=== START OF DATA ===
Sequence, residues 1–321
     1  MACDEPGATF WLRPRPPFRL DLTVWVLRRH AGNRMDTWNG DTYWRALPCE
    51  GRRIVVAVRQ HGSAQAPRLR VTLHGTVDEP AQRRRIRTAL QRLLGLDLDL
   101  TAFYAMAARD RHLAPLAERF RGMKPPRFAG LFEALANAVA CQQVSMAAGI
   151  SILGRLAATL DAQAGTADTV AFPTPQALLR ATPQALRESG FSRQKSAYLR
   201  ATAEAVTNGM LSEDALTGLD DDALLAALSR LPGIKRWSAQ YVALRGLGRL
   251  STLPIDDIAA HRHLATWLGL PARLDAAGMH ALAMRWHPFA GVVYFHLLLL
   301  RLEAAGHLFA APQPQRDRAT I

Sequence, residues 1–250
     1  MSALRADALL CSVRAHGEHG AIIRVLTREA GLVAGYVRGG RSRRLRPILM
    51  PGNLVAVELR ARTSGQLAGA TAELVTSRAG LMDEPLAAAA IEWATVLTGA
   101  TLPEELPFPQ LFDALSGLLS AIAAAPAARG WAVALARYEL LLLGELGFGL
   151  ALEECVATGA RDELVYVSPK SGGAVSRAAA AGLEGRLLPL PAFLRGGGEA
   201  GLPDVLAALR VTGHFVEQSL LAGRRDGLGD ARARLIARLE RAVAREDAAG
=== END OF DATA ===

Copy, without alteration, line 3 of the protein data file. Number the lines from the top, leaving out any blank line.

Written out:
    51  GRRIVVAVRQ HGSAQAPRLR VTLHGTVDEP AQRRRIRTAL QRLLGLDLDL